November 25, 2018


Martha O'Kennon


More dark days and quite cold days for November. However, I notice that there has been at least one year in which there was only ONE blog in November. Anyway, on the coldest days in the past couple of weeks there were between 0 and 3 live bugs. To see all three of those I might have to get on coats and go out a couple of times. And if you wanted bright colors you might have shot the ONLY bright-colored bug I've seen in so long in a tiny pot with some still greenish leaves. This creature is something I would have seen this summer IF my milkweed were of eating age. It's a Small Milkweed Bug. Better now than never! How gorgeous of Nature to think of these colors in what must be just pre-Winter.



Remember that there is information in the name of the file for each image. You can see it by mousing over the image - look at the lower left of the screen. Or you can click on the image to get to the (usually) larger image. Then the info is displayed in the address line above. Sometimes the second click will actually display a different view of the original image.

Until just yesterday (Friday the 23d) I actually had not seen an ant, not one of our usual Carpenter and Sugar Ants at least. But then while cropping and looking up yesterday's creature count, I saw that the only small animal that looked like an ant was both an ant and red and alive! Then we saw that the one picture left labeled "ant" was shaped differently itself.



There were also still a couple of barklice. First and second here is a new-looking one about the same orange color as the Fateful Lachesilla (or its ilk, whichever is the one I've been calling F.L.). Its shape is off though. Third is my favorite, Graphopsocus cruciatus, seen yesterday in the heat of the chase.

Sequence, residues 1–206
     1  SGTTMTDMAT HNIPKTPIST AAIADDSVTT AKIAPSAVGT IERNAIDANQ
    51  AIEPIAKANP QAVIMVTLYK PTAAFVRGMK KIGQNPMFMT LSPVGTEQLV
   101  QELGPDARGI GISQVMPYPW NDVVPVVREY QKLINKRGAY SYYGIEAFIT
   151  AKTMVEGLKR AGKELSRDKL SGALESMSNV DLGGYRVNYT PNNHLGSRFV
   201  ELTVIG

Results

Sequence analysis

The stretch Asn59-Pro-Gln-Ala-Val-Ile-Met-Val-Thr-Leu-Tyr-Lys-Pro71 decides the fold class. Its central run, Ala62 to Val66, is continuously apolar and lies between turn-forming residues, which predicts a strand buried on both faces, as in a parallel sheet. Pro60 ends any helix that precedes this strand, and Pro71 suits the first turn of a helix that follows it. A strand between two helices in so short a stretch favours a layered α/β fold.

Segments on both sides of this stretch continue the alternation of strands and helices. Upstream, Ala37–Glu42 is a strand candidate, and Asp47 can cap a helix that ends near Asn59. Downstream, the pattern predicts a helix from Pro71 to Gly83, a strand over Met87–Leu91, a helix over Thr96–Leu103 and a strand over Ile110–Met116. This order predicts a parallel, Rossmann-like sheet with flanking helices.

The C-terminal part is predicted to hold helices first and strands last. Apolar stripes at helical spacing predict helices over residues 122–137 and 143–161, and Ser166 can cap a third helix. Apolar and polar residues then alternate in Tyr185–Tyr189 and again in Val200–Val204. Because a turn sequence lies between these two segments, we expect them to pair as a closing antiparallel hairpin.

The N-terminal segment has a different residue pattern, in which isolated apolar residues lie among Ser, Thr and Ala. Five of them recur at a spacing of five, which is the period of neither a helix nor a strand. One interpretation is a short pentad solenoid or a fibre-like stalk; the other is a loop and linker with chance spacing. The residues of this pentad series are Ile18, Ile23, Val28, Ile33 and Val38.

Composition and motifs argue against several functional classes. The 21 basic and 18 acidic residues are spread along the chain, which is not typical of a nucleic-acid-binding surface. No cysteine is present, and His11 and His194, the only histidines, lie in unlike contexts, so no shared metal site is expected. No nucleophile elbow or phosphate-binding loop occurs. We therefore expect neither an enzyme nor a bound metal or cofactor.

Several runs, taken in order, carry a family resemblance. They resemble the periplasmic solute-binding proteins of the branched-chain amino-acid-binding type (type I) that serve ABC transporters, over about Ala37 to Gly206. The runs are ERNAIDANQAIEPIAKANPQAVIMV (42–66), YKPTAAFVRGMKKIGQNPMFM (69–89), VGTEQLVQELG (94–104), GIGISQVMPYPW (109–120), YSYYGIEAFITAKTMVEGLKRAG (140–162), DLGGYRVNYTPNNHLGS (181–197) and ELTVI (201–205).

Beetles? We had one that was obviously a beetle critter (Picture 1), which has been walking back and forth on the shop siding for a while, and just yesterday another - and this one a Rove Beetle (the hard wings that cover the soft flying wings seem to have been cut severely). (Picture 2 has a sharper back end and 3 has a sharper head region). I threw in Picture #4 because I frankly don't know if it's a beetle or a moth or anything else.



Bugs! I am not sure why these very ordinary-looking bugs (#1 and #2), Drymus unus, persevere in creeping around on the shop siding. Here. In South Central Lower Michigan. They appear so little in the maps of Bugguide. @Koinpro thinks they are trying to be known as "endangered". Not here at any rate. Number 3 may be a bug or a beetle. Number 4 is the larger picture in which our Small Milkweed Bug was found.



To the flies. Here is a Fungus Gnat - one of the common little flies and hence hardest to remember exactly! For me, a Gall Midge (#2) has sleazy pearl-strung antennae and long legs. The male Midge (#3) has feathery antennae.



This next big used-up fly was found in my basement foray. Since the happy hunting was off outdoors, I decided to go where no Martha had ever gone- downstairs. This Michigan basement was so hideous, covered with sheetwebs so that you had to duck to avoid getting a wrap. Finally on the way up the stairs I found a section next to an outside window where several spiders were quietly doing their things. This fly with the fancy blue metallic deco is one of the meals our spider had done in. The next fly was in another web (by another spider I think). The third fly I used to call a torchfly for some reason, but these tiny round-tummied flies don't exist under that monicker now if they ever did! The last character was on the lower frame of the back door. He or she looked fat and healthy. Of course that was the last warmish day out there.



I'd like to drift back past the flies now to look at what might be the cases of some kinds of moths, but they are cases, no matter their origin. This first one might be a container but where's the opening for its putative critter? The second one seems to have its opening at the bottom. Number 3 might be the same (and maybe not) as Number 2, but 5 days later. Number 4 has the expected segments out at the top so as to drag the case up the wall. Here is a Harvestman, one of a growing crop.